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Most familiar Eagles are long gone now
Question of the Day
These aren’t the same Philadelphia Eagles who dominated the NFC East for much of the past decade.
A new era for the Eagles kicked off Friday when the whole team held its first practice at training camp. Fans who gather to watch the first practice in full pads on Saturday morning might need a program to figure out who is on the field.
For the first time since 1998, No. 5 isn’t out there. McNabb, the six-time Pro Bowl quarterback, was traded to Washington in April after 11 very successful seasons in Philadelphia.
That familiar No. 36 also is missing from camp. Westbrook, the former All-Pro running back, was released after several injuries slowed him the past two seasons. He remains unsigned.
Shawn Andrews, a two-time Pro Bowl guard, wide receivers Kevin Curtis and Reggie Brown, defensive end Darren Howard and linebackers Jeremiah Trotter, Will Witherspoon and Chris Gocong are no longer with the team, either.
Despite winning 11 games last season, the Eagles completely restructured their roster in the offseason. Trading McNabb was the biggest move, paving the way for fourth-year pro Kevin Kolb to take over.
But they didn’t win the big game. So the organization decided it was time to move on from McNabb.
Now it’s Kolb’s turn. He’s ready for the challenge.
“I think everybody’s excited, not only the players, but the fans and the coaches _ everybody,” Kolb said. “There is a sense of the unknown a little bit, so everybody’s anxious to see what we got, including ourselves, so we’ll keep working hard and hope that will be a positive thing.”
Kolb has a talented supporting cast. He has one Pro Bowl wide receiver in DeSean Jackson and Jeremy Maclin _ a first-round pick last year _ has star potential. Tight end Brent Celek is coming off a breakout year, and there’s depth behind him. The backfield includes promising second-year running back LeSean McCoy, backup Mike Bell, who earned a Super Bowl ring with New Orleans, and Pro Bowl fullback Leonard Weaver.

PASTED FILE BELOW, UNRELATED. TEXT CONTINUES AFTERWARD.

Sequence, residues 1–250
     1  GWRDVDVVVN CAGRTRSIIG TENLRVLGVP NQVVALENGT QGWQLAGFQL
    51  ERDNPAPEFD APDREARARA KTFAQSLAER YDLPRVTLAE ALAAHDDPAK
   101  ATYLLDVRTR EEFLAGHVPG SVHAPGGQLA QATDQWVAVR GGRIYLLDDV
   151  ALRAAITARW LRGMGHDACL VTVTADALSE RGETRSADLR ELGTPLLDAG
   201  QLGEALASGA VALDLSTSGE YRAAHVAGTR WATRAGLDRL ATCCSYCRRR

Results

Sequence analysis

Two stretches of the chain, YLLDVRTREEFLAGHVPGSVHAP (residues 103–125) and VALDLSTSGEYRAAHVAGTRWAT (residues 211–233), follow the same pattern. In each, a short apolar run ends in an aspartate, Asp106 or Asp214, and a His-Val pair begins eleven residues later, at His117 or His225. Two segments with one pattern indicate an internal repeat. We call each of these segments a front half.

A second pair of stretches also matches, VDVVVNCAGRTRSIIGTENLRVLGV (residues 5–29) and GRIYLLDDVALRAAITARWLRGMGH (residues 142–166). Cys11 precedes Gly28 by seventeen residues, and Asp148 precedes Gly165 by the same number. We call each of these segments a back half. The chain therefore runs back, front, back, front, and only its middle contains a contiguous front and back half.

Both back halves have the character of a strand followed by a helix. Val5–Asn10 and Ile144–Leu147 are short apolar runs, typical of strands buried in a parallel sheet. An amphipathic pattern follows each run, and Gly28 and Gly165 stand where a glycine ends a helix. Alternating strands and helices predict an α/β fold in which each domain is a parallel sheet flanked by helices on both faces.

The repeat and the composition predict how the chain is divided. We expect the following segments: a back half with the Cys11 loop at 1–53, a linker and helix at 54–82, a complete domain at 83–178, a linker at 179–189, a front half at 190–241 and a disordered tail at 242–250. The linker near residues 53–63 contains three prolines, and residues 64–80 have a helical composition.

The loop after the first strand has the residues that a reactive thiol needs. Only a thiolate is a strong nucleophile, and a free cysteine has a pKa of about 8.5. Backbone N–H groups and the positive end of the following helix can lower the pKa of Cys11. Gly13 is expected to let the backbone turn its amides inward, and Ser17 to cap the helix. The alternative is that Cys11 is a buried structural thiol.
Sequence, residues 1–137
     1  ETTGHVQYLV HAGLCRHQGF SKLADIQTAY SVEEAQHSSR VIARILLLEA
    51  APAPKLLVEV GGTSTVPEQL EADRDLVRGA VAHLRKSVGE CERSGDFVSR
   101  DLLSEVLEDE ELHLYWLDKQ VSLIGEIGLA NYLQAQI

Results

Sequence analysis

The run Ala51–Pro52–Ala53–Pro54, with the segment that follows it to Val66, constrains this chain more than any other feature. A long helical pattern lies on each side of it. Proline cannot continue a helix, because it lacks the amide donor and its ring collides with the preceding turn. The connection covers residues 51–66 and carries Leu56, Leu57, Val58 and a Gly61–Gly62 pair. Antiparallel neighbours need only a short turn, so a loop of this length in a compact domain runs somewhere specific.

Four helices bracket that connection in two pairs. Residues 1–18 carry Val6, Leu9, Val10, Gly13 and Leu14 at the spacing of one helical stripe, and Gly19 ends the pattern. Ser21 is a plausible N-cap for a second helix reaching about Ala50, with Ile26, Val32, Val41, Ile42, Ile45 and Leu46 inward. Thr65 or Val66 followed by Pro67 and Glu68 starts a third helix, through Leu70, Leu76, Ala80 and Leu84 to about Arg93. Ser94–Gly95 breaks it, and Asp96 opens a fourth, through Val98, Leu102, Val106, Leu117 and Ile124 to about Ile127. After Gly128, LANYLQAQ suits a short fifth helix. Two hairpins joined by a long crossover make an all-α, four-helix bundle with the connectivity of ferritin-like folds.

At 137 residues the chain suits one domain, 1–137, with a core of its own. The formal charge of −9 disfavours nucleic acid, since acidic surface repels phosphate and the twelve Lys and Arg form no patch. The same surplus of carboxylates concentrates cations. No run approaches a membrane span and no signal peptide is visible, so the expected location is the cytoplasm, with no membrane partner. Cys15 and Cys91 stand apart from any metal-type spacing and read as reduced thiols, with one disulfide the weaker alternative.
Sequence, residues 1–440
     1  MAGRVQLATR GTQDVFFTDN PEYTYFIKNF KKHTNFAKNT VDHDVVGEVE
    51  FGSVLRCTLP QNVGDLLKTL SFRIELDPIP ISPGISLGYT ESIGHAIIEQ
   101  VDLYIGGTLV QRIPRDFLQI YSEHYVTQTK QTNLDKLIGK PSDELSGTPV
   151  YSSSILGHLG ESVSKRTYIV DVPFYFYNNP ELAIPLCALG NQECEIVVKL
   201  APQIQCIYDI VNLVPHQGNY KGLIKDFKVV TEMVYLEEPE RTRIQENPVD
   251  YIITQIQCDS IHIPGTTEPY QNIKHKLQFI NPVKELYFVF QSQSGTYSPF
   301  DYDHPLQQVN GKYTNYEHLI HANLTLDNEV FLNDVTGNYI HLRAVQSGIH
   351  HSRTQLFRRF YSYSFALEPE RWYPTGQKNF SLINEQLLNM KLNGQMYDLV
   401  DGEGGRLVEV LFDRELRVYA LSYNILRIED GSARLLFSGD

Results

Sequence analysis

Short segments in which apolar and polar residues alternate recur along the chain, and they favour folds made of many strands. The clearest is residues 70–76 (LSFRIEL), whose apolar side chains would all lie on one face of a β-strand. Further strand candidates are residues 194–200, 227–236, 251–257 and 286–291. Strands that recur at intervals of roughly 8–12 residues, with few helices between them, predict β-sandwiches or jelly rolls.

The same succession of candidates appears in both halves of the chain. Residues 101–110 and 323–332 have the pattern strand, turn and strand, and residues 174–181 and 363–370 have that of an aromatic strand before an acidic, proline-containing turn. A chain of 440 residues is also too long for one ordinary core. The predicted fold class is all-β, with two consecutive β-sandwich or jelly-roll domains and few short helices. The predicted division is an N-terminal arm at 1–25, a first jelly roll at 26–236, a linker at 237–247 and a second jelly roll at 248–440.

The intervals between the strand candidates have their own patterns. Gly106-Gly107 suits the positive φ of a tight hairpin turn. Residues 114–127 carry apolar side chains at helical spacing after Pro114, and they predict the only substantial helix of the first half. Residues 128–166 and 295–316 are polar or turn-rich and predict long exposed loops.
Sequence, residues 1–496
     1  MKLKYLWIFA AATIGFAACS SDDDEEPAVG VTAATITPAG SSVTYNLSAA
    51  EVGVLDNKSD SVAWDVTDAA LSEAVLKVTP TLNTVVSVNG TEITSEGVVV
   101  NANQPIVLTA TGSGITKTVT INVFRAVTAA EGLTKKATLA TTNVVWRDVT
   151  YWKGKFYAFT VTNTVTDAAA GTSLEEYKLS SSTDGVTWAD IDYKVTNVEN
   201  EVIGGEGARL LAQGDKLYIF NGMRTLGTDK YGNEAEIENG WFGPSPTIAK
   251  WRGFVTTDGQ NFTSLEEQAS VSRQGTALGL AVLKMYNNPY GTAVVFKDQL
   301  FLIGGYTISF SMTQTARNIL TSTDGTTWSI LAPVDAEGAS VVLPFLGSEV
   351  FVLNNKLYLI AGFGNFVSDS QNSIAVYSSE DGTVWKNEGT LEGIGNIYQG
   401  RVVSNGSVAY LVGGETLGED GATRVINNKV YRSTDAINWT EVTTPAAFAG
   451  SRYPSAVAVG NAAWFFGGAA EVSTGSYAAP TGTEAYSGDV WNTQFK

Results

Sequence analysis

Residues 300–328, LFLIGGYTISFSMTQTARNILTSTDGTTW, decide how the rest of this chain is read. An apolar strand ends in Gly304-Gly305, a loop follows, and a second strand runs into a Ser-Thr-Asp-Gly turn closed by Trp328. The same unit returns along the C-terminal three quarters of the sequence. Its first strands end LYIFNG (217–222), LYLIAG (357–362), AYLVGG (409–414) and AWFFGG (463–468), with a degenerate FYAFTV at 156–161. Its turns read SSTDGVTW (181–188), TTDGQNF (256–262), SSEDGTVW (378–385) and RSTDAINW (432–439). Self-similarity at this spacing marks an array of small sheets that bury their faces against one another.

McNabb didn’t have this luxury when he became the full-time starter a few months into his rookie season in 1999. It wasn’t until Terrell Owens joined the Eagles in 2004 that McNabb even had a legitimate No. 1 receiver. Still, he guided the Eagles to three NFC title games with pedestrian wideouts such as Charles Johnson, Torrance Small, James Thrash and Todd Pinkston.
So, the pressure’s on Kolb. He doesn’t feel it, though.
“I don’t want to get caught up in what other guys are thinking and doing,” he said. “As a player you’ve got to understand that you’ve got to do your job and the rest of it will come along. I think I proved myself a little bit last year and these guys saw what I had on game day, but we always can get better. We’re always going to continue to get better and I want them to keep believing in me and knowing (if) there’s two minutes left and we’re down, that we’re going to win the game.”
Kolb has been groomed in this offense for three years. He filled in nicely as a starter when McNabb missed two games last season, and might even be more suited to run Philadelphia’s version of the West Coast offense.
“The best qualities that Kevin has, there’s many of them, but some of the better ones are his quick decision-making, and his accuracy, and his timing,” offensive coordinator Marty Mornhinweg said. “He also has a good amount of skill and ability and I think he has some guts. Some guts and some gut instincts as well.”
Overall, the Eagles got much younger during the offseason _ all their projected starters on offense and defense are under 30. But they don’t consider themselves in a rebuilding mode.
“I don’t look at it as rebuilding, I look at it as retooling,” coach Andy Reid said. “Put guys in, and here we go.”
By Orrin G. Hatch
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